Untitled Hellraiser TV Series
I don’t think that I’ve ever been more excited for a TV series in my life. Never before brought into the realm of television, the Clive Barker-created world of Pinhead and the Cenobites seems like something that would never in a million years get broadcast into households on a weekly basis. When news of this was spread, the response was either “AWESOME!” or “How?” or “Is it going to be anything like the ninth movie? God, I hope not.” I was in the first and third camps with it. As long as it stays far away from resembling anything close to Hellraiser: Revelations, a movie so bad that it could persuade Pharaohs to release their slaves, I’ll be more than happy.
While there have been nine Hellraiser films overall, long-form story-telling has not been exploited with this series. Therefore, there is a multitude of ways that a Hellraiser TV show could turn out. Will it be primarily a drama, with the realm of the cenobites only being used on special occasions? Or will it be all-out fantasy? I think the answer to that lies primarily in the budget, and despite the fact that, critically, the Hellraiser franchise hasn’t had the best track record, this is the most interesting potential series for me, because I have no idea what to expect with it.
I don’t know what high-level producer decided that the world was clamoring for a Munsters series that wasn’t really called The Munsters, but apparently the demand was huge. Huge enough for a remake of The Munsters, set to feature toned-down versions of the characters and a more dramatic atmosphere. Out of the four series on the future portion of this list, this is potentially the poorest decision; unless a miracle happens, it will be a train wreck. Despite its status as a classic, there’s not a lot of interest in The Munsters anymore, and there’s even less positive interest in a Munsters series that isn’t titled The Munsters. Will it still be comedic? Hopefully so, considering that I’m going to find it hard to take a dramatic show seriously when it’s about a family with the last name “Munster.”
Really, the only redeeming quality to the news about this is Eddie Izzard is playing Grandpa. Playing Herman Munster will be Jerry O’Connell. You remember Jerry, right? He was the porno-Piranha 3-D who got his penis bitten off. Who else could they have possibly gotten to play Herman Munster besides most other actors in the world?in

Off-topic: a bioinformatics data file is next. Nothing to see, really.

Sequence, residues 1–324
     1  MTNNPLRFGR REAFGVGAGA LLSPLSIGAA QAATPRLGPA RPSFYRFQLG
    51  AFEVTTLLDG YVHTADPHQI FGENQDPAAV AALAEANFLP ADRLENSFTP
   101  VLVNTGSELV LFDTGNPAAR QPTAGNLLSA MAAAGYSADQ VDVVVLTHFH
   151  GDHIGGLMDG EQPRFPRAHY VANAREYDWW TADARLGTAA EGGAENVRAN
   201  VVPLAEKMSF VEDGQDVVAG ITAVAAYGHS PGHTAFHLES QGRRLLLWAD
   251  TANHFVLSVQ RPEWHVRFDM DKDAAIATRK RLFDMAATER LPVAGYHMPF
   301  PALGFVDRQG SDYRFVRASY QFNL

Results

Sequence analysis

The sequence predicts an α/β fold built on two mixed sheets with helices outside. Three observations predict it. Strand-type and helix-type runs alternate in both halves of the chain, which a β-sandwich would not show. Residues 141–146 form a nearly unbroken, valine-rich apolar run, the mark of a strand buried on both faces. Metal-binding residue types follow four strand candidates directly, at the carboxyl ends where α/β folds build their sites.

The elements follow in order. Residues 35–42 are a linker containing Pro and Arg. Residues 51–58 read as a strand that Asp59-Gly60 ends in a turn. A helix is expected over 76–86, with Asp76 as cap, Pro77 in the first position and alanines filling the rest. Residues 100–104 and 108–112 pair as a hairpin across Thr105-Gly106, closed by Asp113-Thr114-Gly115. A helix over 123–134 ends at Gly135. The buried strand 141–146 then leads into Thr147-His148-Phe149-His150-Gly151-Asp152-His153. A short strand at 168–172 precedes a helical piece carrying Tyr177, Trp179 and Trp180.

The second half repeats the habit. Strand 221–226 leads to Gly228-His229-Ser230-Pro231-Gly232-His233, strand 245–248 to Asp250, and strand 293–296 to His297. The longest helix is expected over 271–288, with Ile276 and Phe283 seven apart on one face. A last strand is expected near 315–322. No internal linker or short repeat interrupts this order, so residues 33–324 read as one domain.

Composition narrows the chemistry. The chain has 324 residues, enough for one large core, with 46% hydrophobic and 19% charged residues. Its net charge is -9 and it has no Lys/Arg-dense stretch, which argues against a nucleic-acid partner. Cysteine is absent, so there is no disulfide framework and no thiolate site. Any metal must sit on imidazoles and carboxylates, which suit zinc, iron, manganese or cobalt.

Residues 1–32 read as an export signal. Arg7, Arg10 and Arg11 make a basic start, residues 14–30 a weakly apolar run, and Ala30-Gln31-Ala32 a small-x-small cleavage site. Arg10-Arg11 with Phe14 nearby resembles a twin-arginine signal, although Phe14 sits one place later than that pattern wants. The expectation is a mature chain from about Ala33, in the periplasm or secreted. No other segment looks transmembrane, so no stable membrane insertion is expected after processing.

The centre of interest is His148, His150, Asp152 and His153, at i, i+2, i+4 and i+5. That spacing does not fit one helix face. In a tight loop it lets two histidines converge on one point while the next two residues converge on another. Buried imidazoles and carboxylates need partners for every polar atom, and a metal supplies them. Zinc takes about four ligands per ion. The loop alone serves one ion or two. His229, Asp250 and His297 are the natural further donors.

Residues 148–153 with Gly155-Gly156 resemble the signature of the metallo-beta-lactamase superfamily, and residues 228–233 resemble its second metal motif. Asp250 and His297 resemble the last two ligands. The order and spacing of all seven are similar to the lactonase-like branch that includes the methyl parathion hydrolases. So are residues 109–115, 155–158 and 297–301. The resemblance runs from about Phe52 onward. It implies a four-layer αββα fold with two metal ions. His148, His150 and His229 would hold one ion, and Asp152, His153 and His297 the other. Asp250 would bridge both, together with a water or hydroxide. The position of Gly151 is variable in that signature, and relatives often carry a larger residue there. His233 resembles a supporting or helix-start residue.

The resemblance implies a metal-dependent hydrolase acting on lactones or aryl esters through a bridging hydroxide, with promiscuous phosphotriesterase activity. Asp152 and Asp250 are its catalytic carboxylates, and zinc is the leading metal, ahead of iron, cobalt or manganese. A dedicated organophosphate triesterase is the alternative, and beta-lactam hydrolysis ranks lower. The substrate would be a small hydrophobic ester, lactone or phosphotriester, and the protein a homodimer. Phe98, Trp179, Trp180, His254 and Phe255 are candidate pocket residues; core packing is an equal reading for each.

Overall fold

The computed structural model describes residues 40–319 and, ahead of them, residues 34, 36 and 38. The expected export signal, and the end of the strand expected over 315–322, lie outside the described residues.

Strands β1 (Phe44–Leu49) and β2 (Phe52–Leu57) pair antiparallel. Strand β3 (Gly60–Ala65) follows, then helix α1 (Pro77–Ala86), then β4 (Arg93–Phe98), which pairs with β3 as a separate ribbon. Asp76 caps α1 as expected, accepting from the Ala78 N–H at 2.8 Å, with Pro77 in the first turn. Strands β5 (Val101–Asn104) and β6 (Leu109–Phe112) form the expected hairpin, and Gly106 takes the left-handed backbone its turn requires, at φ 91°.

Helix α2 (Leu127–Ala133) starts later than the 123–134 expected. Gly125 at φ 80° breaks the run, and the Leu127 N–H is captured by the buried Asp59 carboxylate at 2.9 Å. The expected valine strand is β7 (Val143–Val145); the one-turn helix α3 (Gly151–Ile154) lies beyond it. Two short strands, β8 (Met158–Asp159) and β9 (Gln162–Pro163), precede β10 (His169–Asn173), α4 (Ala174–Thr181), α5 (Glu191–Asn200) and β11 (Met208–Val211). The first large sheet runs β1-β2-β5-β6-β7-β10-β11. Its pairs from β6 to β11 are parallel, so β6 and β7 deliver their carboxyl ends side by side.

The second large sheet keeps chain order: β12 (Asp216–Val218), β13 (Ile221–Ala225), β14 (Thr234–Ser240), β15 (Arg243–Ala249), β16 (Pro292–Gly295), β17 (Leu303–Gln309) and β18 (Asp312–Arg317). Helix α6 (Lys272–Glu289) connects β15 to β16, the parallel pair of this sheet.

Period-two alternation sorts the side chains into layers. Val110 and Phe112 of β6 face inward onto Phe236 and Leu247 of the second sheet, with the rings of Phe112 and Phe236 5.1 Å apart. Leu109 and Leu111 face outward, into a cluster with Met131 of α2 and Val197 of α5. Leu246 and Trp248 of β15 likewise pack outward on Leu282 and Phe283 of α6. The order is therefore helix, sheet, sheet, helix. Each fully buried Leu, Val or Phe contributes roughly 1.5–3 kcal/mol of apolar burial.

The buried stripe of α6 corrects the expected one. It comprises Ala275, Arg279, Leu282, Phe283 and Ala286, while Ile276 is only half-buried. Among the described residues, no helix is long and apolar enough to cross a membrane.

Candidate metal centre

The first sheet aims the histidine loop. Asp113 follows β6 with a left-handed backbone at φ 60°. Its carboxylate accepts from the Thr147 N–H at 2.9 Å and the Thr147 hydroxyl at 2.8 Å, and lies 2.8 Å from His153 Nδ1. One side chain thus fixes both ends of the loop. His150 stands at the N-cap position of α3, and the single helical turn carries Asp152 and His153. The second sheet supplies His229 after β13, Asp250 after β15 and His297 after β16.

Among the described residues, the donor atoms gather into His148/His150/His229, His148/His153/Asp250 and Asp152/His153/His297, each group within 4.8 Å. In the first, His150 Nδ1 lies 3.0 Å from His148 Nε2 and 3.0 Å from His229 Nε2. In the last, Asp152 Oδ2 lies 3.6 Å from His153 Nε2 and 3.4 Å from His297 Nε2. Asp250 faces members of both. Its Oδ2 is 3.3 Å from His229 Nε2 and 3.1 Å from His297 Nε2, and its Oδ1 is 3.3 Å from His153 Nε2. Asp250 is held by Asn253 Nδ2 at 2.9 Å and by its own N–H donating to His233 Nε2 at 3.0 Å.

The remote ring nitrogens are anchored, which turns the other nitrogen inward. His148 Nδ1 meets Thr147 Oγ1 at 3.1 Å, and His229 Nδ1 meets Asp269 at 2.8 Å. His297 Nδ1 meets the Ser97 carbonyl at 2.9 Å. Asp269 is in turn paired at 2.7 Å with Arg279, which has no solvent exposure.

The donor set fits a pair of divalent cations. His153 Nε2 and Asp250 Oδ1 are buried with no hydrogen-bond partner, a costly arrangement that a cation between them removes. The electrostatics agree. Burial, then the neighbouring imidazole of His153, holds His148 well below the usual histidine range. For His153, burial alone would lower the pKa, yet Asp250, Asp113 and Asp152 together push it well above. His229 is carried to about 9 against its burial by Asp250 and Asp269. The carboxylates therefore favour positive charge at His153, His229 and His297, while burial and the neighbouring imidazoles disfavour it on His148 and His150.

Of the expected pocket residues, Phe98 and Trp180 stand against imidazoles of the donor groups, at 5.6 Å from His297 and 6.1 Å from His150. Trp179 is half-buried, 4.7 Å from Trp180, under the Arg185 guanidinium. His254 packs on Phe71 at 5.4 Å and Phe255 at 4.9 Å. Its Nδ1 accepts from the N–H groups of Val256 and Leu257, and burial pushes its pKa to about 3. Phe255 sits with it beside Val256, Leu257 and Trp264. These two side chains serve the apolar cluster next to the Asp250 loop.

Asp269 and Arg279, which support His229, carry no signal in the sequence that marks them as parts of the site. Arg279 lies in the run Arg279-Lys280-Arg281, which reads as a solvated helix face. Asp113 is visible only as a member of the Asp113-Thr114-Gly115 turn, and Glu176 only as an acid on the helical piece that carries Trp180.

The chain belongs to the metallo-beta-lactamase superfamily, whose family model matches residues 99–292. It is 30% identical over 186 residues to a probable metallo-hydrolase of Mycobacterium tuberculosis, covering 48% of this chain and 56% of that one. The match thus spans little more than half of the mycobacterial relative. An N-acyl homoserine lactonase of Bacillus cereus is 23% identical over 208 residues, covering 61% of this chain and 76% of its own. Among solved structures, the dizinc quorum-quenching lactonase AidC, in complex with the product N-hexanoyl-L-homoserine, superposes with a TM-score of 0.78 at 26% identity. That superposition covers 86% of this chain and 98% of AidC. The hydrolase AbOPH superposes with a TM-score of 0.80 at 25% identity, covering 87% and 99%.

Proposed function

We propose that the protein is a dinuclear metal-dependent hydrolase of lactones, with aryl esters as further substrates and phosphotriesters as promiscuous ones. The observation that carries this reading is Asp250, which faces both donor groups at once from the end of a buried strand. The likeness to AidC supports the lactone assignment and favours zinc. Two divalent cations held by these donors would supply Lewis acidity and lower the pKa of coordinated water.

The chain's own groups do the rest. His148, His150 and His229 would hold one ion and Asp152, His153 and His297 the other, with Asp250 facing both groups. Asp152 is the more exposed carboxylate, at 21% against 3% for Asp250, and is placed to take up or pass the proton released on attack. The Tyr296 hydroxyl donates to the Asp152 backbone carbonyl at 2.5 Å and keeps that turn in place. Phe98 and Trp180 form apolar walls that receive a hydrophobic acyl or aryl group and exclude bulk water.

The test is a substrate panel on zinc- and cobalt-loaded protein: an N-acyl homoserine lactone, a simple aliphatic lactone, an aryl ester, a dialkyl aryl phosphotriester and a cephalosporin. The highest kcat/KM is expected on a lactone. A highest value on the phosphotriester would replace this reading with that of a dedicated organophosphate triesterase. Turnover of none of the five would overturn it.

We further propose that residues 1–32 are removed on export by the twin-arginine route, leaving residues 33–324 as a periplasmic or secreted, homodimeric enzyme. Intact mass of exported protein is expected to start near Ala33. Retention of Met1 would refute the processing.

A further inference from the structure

This series will chronicle Special Agent Will Graham and his relationship with psychiatrist/awesome cannibal, Hannibal Lecter. The Hannibal series has always played a balancing act with its main character. It has to keep him in the spotlight, considering that he’s who the films are based upon, and it has to keep up his mystique, so that we stay interested in him. Will a 13-epsiode season (or possibly more than that) keep us continually guessing about Doctor Lecter? Let’s hope so.
This is an important thing to consider with all ofon TV. So much of suspense is built around the continuation of tense plotting and character building. Will a TV show be able to sustain that? We’ve seen it happen in shows like Breaking Bad, but will these new horror series end up trying too hard or collapse under the weight of their own efforts? A big problem that people have had with is that the intensity is sometimes let down by flawed characterization and stupid decisions. A Hannibal series will rely heavily on keeping audiences on the edge of their seat. The creators of horror TV are going to have to keep an extremely close eye on what they are doing. Keeping up suspense for 90 minutes is hard enough. But for 13 straight hours? I wish them the best on that.
Horror devotees might ask themselves, “Isn’t Bates Motel the name of the failed Psycho-based pilot from the 1980s”? Yes, yes it is. But A&E has decided to revive it, and turn it into a show based around Norman Bates and his early progression into becoming the bird-stuffing, shower-peeping killer we know today. A show like this is probably going to take a lot of liberties with its source materials in order to keep us interested, so I’m not expecting something extremely close to the original film. Do I expect homages, like I would with all four of these series? (They’re all based around existing concepts and properties.) I do. But with Bates Motel, considering that I’m in no way a Psycho purist, I’d like to see what they can do with the general concept of Norman Bates and how they can change it, and still keep it entertaining.
That’s another big thing to consider. Now that a story line has to be crafted to fit a season’s worth of a show, what will change? Will every little plot point be explained and what new ones will be invented? Will the core concepts remain while entirely new ones are added around it? We’re just going to have to wait and see. I, for one, am extremely interested in the future of horror on TV. One might cry foul at the fact that all these ideas “have been done before,” but when the idea is as good as Pinhead or Norman Bates, I say that we should welcome any attempt to breathe life into the franchises. Because, really, who wants to end the series with Psycho IV?